Tuesday, September 8, 2009

The Railroad Tracks

Remove Formatting from selectionOur next adventure began at the base of the smoke stack on the south side of campus. The part of campus on that side of Spring Garden St is an addition from the original boundaries of campus even though the smokestack dates back to before the 1920s. The building fits in with the buildings on campus with the continued theme of arched windows, a brick medium, and the impression that it sits above the landscape. Not on a hill, the building seems to be elevated by the lighter stone the first floor is made of. The location, at first does not make sense because it is so far away from everything on campus today even, but after some thought, the light bulb went off. The train delivers the coal to the smokestack building, so why wouldn't it be as close to the tracks as possible? I would have never made that connection on my own. In Boone, my home town, the only train we have is Tweetsie Railroad, a small amusement park based off of the old railroad system. The train runs around a mountain top carrying families, stopping occasionally to see some cowboy and Indian interactions. We actually got to see the train go by, which was exciting to me, but not everyone. As the conversation was lead back to our reading, and applying the terms we have been studying, I had a hard time making the connection that this was the campus' sink. The noise from the train makes the area not appealing for residence or classrooms or anyone having to spend too much time nearby. As a result, the campus leaders had the good idea to put everything else no one wants to see in the same area; those items include the radio tower, the water tower, and the only above ground power lines on campus. Our adventure that day gave us examples of a sink, a strip, a front, and an edge. What a day!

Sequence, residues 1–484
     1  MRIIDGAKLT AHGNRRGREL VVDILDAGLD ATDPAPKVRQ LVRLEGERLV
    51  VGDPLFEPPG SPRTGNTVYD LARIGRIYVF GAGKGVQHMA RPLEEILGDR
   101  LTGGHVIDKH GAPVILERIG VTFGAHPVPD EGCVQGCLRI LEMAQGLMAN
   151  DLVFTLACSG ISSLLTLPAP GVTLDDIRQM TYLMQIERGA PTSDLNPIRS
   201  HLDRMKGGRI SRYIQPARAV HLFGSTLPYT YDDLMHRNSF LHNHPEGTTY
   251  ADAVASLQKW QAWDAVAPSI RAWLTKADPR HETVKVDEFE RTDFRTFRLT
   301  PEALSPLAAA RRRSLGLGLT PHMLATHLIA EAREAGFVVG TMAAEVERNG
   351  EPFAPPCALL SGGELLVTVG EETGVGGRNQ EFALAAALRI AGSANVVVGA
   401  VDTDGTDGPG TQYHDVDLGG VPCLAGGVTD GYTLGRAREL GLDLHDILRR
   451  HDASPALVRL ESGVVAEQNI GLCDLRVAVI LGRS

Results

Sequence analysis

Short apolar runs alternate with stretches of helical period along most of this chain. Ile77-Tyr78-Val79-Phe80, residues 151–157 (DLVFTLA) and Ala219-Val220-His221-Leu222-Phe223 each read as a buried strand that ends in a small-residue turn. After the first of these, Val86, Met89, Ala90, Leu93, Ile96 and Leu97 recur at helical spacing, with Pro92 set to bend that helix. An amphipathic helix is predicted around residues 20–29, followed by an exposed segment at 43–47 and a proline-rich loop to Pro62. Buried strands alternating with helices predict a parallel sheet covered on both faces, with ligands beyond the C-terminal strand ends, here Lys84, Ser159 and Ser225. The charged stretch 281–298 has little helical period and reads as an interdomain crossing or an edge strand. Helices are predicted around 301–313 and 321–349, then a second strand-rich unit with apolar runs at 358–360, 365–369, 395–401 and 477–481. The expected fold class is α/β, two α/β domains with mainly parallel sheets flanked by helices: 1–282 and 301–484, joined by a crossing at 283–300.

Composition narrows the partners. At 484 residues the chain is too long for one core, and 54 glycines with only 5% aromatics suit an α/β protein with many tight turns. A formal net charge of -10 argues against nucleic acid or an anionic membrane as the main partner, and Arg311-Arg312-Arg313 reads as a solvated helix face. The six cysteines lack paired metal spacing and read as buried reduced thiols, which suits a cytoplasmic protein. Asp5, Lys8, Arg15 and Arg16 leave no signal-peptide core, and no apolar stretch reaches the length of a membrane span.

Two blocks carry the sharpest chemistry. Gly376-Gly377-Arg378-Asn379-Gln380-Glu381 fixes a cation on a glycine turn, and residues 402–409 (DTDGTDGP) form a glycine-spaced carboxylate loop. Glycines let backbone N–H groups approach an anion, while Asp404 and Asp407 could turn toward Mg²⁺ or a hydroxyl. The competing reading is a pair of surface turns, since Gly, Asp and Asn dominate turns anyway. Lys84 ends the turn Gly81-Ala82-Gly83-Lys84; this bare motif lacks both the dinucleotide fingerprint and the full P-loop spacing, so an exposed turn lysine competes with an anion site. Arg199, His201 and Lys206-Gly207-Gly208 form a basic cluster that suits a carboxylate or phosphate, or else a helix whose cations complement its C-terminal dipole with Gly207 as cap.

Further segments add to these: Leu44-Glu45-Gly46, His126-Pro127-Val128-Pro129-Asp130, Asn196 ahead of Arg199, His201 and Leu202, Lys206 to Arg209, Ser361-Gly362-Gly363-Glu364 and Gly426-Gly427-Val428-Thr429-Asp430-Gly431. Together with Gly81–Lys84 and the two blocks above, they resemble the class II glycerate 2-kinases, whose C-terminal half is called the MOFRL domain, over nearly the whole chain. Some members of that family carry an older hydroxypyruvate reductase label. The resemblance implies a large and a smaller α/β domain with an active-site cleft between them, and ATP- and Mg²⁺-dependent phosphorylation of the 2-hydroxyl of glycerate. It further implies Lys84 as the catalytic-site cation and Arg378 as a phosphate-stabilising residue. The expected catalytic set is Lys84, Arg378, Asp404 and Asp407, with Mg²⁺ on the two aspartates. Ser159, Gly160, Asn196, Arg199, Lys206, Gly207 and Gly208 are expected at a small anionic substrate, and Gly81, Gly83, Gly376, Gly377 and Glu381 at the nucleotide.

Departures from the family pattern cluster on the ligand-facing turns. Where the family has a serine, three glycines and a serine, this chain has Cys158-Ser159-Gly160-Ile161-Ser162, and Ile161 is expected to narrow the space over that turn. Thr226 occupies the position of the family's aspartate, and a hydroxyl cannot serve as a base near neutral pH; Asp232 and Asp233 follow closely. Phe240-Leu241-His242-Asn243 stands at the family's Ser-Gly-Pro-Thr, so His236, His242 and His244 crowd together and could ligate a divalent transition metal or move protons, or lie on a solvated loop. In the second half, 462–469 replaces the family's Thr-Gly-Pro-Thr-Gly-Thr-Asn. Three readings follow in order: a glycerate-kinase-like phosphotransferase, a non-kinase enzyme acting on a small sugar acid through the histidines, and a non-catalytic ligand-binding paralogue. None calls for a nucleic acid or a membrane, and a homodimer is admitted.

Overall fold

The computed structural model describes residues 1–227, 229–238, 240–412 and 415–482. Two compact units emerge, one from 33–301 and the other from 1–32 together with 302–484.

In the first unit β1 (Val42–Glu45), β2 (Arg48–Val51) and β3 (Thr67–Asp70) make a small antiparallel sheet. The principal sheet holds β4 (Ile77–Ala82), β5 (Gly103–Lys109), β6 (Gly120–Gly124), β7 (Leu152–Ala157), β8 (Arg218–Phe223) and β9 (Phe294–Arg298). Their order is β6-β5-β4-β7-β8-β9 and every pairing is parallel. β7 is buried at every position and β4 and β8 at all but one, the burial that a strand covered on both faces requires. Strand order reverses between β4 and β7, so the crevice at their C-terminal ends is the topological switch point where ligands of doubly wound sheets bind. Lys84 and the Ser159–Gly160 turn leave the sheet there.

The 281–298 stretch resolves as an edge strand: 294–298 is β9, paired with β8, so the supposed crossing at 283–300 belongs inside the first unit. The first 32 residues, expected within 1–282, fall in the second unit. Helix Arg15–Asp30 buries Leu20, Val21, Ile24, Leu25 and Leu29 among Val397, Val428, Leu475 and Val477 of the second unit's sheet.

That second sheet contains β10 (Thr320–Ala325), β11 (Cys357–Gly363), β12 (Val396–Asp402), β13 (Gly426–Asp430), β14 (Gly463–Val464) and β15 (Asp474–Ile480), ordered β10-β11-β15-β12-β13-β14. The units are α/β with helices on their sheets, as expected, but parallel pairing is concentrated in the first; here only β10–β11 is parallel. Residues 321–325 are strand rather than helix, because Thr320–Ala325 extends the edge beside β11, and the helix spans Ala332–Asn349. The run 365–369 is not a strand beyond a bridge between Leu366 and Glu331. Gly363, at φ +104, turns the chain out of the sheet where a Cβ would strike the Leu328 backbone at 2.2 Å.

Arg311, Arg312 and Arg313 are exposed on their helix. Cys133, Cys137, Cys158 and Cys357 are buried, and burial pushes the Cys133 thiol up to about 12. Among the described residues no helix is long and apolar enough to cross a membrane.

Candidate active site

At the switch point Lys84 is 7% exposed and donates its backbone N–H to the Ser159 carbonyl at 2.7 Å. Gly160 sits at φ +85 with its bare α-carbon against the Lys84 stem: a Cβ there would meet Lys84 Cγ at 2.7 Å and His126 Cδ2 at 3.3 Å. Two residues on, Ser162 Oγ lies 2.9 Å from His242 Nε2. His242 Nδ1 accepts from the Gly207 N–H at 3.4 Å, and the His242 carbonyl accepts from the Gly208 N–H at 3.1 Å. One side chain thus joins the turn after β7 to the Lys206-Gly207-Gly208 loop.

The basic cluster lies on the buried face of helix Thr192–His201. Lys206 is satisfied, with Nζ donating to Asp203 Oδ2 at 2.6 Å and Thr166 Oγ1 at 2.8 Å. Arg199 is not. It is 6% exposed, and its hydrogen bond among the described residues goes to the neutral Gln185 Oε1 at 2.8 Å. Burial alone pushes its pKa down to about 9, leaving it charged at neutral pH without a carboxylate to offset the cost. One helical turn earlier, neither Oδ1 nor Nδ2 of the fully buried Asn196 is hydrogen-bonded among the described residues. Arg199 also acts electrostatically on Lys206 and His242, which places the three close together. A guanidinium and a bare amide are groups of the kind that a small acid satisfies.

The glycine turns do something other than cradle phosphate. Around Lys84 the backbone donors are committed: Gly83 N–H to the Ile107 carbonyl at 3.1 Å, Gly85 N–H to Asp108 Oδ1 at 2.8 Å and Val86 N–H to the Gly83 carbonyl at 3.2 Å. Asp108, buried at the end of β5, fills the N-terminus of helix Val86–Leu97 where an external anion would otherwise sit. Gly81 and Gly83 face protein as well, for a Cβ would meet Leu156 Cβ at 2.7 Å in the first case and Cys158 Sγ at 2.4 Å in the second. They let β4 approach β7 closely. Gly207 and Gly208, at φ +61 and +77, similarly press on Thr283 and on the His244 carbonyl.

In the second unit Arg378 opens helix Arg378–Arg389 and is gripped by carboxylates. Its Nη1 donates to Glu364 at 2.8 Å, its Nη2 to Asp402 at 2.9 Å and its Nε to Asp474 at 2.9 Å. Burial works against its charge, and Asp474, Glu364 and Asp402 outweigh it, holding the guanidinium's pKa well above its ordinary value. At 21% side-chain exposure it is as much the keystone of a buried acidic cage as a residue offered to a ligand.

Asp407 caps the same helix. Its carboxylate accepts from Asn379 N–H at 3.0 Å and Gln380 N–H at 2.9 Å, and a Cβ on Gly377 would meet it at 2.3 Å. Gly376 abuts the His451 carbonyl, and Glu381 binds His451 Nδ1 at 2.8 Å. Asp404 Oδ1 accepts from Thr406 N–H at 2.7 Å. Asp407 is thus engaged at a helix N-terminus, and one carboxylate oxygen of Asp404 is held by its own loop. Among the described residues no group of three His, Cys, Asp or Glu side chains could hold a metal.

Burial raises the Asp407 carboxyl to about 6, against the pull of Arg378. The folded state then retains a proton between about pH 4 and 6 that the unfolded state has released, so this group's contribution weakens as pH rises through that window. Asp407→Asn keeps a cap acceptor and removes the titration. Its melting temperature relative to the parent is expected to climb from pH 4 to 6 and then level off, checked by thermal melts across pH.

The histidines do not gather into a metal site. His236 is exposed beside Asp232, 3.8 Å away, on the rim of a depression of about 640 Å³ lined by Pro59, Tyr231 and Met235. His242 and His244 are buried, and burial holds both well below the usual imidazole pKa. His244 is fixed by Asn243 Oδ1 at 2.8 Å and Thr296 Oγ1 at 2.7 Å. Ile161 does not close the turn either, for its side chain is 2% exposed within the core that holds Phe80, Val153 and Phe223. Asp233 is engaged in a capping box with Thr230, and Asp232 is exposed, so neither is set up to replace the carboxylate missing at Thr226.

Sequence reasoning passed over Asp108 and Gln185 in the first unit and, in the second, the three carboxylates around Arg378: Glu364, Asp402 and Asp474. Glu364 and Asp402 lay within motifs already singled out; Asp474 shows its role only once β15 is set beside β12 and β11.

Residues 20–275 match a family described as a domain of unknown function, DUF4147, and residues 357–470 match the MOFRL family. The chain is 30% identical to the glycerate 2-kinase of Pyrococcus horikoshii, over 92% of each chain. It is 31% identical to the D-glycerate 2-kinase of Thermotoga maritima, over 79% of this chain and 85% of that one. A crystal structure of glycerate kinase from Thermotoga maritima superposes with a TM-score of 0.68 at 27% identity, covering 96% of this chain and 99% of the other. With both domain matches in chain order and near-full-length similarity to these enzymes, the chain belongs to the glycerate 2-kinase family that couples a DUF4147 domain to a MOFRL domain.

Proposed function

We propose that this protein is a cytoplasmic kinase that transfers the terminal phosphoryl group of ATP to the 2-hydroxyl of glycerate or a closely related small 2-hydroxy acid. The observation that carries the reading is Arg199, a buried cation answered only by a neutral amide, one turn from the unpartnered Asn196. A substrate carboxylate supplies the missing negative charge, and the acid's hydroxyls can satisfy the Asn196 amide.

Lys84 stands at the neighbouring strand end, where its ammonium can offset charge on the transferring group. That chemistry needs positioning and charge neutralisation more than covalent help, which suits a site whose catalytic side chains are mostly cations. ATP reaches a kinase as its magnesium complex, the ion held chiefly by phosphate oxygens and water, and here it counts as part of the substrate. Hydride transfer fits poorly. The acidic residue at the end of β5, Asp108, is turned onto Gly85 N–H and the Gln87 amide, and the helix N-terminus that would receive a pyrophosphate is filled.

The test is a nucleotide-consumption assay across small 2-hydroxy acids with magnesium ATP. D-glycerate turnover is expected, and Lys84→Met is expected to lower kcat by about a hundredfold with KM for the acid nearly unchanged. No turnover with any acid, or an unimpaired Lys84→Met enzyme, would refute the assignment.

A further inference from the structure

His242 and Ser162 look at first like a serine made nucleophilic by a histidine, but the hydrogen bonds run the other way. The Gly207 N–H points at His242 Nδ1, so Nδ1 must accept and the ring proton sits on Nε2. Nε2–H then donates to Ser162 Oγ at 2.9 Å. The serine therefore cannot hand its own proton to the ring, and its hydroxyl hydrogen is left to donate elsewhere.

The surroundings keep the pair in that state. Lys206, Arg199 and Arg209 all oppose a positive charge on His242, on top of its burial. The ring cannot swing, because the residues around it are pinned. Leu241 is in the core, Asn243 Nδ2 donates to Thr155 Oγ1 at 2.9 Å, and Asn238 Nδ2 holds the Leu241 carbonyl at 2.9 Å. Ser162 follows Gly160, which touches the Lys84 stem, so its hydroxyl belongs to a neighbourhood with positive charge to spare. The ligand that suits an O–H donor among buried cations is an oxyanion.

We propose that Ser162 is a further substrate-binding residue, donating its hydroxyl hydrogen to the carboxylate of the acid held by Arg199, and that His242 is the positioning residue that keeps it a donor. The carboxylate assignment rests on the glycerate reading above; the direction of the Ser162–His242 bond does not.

No comments:

Post a Comment